Solar power development in US Southwest could threaten wildlife

Dec 09, 2011

Government agencies are considering scores of applications to develop utility-scale solar power installations in the desert Southwest of the United States, but too little is known to judge their likely effects on wildlife, according to an article published in the December 2011 issue of BioScience. Although solar power is often seen as a "green" energy technology, available information suggests a worrisome range of possible impacts. These concern wildlife biologists because the region is a hotspot of biodiversity and includes many endangered or protected species, notably Agassiz's desert tortoise. It and another tortoise, Morafka's, dig burrows that shelter many other organisms.

The article, by Jeffrey E. Lovich and Joshua R. Ennen of the US Geological Survey's Southwest Biological Science Center, notes that solar energy facilities are poised for rapid development and could cover hundreds of thousands of hectares. Assessments of their effects should count both onsite and offsite effects and include construction and decommissioning as well as the operational phase, the authors point out. Yet there are to date almost no peer-reviewed studies on the impacts of specifically.

The authors' initial attempt to catalogue the foreseeable effects draws attention to caused by roads and power lines, which could restrict gene flow, as well as the production of large amounts of dust through ground-disturbance. Solar plants are also expected to release pollutants such as dust suppressants, rust suppressants, and antifreeze, both in routine operation as well as through spills. They will predictably generate heat, electromagnetic fields, noise, polarized light, and possibly ignite fires. Evaporative ponds, which concentrate toxins, may be used and are a recognized hazard to wildlife. Because wet-cooled turbines need to be supplied with large amounts of water, developers are leaning toward using dry-cooled turbines, but these have a larger "footprint" than wet-cooled ones.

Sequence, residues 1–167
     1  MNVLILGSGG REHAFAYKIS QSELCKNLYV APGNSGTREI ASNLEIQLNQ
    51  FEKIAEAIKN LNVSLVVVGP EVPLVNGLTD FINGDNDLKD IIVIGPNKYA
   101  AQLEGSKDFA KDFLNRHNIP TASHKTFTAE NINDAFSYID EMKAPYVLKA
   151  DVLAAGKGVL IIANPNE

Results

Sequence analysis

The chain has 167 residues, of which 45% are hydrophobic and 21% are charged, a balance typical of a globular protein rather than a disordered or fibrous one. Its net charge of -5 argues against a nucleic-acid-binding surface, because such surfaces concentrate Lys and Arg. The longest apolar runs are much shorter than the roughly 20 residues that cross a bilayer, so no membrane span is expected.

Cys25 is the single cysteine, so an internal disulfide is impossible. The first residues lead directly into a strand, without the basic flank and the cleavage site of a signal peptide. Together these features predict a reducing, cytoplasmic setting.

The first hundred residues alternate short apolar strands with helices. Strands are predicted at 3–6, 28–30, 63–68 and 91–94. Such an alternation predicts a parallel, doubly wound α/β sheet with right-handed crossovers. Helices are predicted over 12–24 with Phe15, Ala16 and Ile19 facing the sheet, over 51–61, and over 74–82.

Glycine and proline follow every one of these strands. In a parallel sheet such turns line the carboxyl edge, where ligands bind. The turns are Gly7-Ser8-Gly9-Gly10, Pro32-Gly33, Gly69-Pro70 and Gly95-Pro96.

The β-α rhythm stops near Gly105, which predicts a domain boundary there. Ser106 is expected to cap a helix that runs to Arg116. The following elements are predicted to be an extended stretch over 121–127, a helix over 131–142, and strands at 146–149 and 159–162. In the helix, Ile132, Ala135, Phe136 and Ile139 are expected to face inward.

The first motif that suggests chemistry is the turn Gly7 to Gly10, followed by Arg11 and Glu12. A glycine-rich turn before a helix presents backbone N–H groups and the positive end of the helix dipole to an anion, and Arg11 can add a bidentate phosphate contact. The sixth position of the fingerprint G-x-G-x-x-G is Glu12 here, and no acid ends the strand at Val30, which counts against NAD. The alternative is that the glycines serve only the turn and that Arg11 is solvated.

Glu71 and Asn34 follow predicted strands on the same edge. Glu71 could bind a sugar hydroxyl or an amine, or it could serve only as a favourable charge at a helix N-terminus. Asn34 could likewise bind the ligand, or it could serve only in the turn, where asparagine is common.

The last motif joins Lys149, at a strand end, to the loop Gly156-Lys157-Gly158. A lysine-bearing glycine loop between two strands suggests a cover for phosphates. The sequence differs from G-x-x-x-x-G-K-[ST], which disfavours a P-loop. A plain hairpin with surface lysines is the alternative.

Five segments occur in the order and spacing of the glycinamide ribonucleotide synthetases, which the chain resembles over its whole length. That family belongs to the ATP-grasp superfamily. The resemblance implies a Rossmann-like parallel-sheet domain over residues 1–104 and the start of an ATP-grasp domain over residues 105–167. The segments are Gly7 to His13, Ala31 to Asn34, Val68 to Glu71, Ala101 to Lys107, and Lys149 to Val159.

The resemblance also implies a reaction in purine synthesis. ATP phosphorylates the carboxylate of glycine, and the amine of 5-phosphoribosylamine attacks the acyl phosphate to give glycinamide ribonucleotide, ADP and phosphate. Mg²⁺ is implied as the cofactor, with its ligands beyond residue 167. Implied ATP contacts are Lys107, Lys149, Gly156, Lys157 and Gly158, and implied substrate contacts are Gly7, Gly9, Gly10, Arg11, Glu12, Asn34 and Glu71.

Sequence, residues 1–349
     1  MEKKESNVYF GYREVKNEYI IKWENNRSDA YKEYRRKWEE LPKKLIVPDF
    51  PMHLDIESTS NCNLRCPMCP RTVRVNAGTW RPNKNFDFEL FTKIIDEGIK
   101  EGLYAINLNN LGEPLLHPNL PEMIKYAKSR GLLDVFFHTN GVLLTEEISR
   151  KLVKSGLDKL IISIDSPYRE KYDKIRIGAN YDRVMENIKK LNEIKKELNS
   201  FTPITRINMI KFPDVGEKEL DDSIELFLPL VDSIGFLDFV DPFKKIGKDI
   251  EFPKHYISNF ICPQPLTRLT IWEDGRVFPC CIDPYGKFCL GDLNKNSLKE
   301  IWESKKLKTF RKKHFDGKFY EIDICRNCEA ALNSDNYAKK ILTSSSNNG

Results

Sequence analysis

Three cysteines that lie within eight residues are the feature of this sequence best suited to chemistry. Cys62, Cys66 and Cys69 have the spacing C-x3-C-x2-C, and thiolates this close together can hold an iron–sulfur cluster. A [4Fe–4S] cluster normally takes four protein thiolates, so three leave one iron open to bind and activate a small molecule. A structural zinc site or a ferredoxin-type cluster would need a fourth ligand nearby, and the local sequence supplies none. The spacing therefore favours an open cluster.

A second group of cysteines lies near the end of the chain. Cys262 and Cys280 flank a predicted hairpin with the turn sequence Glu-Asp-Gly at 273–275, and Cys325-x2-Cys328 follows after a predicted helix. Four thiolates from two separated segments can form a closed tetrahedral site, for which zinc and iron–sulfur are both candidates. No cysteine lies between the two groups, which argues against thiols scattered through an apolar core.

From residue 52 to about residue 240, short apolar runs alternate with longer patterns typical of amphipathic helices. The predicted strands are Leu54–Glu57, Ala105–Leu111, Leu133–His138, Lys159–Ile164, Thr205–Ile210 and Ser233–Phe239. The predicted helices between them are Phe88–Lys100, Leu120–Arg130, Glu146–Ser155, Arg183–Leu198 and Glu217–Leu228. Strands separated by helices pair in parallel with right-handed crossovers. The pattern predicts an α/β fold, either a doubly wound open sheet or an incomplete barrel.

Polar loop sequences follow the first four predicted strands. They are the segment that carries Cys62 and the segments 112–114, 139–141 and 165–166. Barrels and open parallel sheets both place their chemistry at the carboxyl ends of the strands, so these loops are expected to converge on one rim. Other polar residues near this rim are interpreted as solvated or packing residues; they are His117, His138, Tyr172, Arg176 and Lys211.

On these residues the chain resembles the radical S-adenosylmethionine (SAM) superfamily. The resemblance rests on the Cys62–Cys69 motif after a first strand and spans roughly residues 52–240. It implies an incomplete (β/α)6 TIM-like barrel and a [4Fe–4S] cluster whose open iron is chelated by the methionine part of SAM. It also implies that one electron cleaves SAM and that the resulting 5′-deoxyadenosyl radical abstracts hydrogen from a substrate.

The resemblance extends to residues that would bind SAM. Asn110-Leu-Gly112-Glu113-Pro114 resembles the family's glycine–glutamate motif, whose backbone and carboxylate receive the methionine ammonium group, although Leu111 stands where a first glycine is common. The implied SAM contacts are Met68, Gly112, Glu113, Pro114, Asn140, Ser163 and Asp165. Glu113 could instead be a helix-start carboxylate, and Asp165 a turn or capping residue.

The dearth of reliable information indicates an urgent need for careful, controlled, pre- and post-construction studies of the effects of solar power plants in the Southwest, Lovich and Ennen argue. Such studies could attempt to determine information useful for optimally siting the plants, such as whether damage is minimized if they are concentrated in a few places or dispersed, as well as suggest preferred locations and mitigation possibilities.

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antialias_physorg
5 / 5 (2) Dec 09, 2011
Antifreeze? In deserts? Whatever for?
Antidust? It's called water. Yeah. Dangerous stuff.
Rust suppressants? You've got to be kidding me. A coat of paint is a health hazard to biodiversity?

Yep. Let's rather put up a coal/oil/nuclear powerplant there. Much better for biodiversity. (/sarcasm)
kochevnik
1 / 5 (1) Dec 09, 2011
Better for the turtles to just go in there and frack the place up. Frack biodiversity. The important thing is diversity in big energy's portfolio! The rest will "trickle down."
retrosurf
not rated yet Dec 09, 2011
Desert means dry, not warm.

Antifreeze in vehicles in the desert is really important, especially high desert. Likewise, flat panel thermal collection needs it, to avoid radiation freezing (and just plain coldness in the winter). Drain-down systems are more complex, with more dangerous failure modes.

Anti-dust is usually something hygroscopic put on dirt or gravel roads to prevent them from producing dust.

Vehicles will be driving often on these roads, looking for a particular kind of hotspot in the bonded leads in the panel, and the dust from these vehicles will settle on panels. In an arid region where rain will not often wash panels clean, dust has economic consequences with regard to power production. Cleaning panels is also suprisingly expensive.

Calcium chloride is one road-dust controller. Ground dwelling creatures would have to crawl through it.
CHollman82
3 / 5 (4) Dec 09, 2011
Antifreeze? In deserts? Whatever for?


Deserts get cold at night... plus deserts aren't necessarily hot to begin with, Antarctica is a desert.
CHollman82
2.3 / 5 (3) Dec 09, 2011
...but newsflash: Anything humans do anywhere will affect wildlife.
Nanobanano
1 / 5 (1) Dec 09, 2011
I'll tell you what else affects wildlife:

That ocean acidification which will begin making shellfish extinct in about 20 years.

That 2.0 to 3.5C rise in mean ocean temperature which will be taking place over the next 90 years.

And those plus 1 to plus 2 categories hurricanes that will begin hitting pretty much every coastline on earth.

Not to mention 7 or more feet of sea level rise by 2100.

Those things are really gonna start making the natives restless.
antialias_physorg
1 / 5 (1) Dec 09, 2011
Deserts get cold at night... plus deserts aren't necessarily hot to begin with, Antarctica is a desert.
PV doesn't require water. Solar thermal works with oil or molten salts. Oil doesn't freeze and the salts have to be kept warm anyhow.
So what exactly do you need antifreeze (in large quantities so as to affect the environment) for?